Home Beef Emphasis should be on reducing methane, not reducing cows – farm leader

Emphasis should be on reducing methane, not reducing cows – farm leader

[This team sold for €7,000 at Castlerea Mart in December] Image credit: Conor Gallagher

Prof. John Fitzgerald’s proposals to reduce suckler cow numbers were “short-sighted” and “failed to take account of the economic and social contribution made by sucklers”.

That is the view of IFA president, Tim Cullinan, who believes Fitzgerald should be using his platform to convince our Government that agriculture has a role to play, rather than “relegating our largest indigenous industry”.

Cullinan outlined that the AgClimatise policy focuses on offsetting emissions from agriculture through better breeding, feed additives and the development of renewable energy.

Reduce suckler cow numbers: ‘A simplistic and populist narrative’  

IFA livestock chairman, Brendan Golden, said John Fitzgerald, in his “appraisal” of beef farming and environmental impacts, “applies the same double standards” as the EU Commission does with trade deals.

“The income difficulties in the beef sector existed before Brexit, and are largely caused by the continual undermining of key UK and EU markets by substandard beef allowed onto the market, produced in countries that allow the decimation of rain forests,” he said.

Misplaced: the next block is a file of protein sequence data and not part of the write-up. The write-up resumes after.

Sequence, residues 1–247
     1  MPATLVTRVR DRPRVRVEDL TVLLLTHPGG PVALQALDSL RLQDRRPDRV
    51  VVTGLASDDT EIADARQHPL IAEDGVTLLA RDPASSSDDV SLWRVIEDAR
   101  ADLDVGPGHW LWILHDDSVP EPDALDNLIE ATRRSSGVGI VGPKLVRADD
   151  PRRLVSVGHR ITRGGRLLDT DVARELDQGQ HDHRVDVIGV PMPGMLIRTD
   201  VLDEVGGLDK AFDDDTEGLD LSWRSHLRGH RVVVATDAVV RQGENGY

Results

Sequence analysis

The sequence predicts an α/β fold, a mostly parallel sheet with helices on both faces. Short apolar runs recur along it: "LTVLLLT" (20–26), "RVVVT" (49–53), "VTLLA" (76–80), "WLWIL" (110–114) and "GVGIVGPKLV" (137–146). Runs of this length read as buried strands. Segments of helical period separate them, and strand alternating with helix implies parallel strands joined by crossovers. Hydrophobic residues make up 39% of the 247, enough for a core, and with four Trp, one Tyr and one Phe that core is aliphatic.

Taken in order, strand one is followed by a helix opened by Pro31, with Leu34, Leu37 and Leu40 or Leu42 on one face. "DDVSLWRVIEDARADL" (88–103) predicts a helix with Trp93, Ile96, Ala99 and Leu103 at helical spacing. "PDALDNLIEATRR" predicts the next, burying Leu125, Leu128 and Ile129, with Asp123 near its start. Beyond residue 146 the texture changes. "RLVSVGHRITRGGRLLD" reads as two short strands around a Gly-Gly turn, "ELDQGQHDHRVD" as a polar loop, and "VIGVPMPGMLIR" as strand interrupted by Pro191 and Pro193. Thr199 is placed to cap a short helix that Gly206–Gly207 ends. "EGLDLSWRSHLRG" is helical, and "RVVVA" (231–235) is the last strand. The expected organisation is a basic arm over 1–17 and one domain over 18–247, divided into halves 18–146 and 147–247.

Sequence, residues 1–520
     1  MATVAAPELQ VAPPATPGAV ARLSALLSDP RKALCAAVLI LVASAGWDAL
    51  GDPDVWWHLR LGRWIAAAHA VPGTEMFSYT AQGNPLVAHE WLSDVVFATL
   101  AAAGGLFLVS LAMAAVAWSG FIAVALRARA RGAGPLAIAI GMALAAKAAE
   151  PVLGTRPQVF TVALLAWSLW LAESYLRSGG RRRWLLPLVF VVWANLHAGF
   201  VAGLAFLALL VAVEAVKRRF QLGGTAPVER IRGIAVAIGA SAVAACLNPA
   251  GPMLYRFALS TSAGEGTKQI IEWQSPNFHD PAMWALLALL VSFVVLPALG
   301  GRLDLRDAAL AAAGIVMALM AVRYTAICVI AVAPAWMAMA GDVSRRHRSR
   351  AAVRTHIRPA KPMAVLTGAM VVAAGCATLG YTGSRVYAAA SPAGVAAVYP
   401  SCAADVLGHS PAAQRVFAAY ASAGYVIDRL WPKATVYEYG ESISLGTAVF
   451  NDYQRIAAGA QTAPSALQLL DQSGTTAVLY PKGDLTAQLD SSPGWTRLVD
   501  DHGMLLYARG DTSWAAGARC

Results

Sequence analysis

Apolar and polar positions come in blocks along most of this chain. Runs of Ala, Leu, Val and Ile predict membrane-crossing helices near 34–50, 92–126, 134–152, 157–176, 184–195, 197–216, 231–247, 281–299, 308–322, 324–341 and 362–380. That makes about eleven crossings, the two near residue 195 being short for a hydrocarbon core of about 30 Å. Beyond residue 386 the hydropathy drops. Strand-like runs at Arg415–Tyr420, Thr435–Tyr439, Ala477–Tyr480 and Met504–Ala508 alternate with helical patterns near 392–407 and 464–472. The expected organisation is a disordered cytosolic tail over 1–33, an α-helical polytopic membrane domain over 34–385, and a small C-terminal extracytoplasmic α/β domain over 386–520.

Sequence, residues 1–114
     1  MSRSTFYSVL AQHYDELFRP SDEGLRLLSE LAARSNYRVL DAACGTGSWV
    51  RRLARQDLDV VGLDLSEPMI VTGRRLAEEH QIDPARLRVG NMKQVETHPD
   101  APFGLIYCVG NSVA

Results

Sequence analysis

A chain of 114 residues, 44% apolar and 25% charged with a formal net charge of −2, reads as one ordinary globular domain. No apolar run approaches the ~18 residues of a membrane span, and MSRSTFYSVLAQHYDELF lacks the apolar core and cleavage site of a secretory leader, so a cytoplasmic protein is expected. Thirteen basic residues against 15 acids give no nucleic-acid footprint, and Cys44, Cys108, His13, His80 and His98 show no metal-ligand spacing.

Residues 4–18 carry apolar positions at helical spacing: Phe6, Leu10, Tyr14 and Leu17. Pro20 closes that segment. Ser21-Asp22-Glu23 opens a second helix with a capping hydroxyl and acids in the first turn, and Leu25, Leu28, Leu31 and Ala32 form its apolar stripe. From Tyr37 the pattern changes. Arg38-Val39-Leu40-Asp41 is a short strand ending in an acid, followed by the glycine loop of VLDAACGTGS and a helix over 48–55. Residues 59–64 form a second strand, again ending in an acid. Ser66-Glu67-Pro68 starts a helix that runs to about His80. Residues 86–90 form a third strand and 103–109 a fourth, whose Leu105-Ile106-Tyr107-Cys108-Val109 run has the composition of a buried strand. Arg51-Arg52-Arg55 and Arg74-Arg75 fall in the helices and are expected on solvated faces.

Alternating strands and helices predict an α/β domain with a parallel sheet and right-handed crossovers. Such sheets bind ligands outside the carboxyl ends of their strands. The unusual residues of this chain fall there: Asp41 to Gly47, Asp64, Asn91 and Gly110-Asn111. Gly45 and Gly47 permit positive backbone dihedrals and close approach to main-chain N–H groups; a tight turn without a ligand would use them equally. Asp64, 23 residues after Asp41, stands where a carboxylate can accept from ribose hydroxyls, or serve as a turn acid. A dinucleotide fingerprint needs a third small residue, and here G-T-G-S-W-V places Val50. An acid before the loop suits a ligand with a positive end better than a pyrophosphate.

He stressed that if Fitzgerald is serious about climate change, then he should be calling out the lack of cohesion at EU level in environmental policy and trade deals, rather than choosing a “simplistic and populist narrative”.

“Beef farmers are the foundation stone of an important export-oriented sector that has a significant reach across the country and in particular in rural communities, adding huge socio-economic and environmental value to the country while producing beef to the highest standards.”

“As an economist, John Fitzgerald might ask why farmers operate below the cost of production when other players in the chain enjoy margins that are not disclosed,” he said.

“Beef farmers will play their part, but we will not be sacrificed because of an approach to climate action that chases easy options, and popular headlines while ignoring the real facts,” the IFA national livestock chairman concluded.

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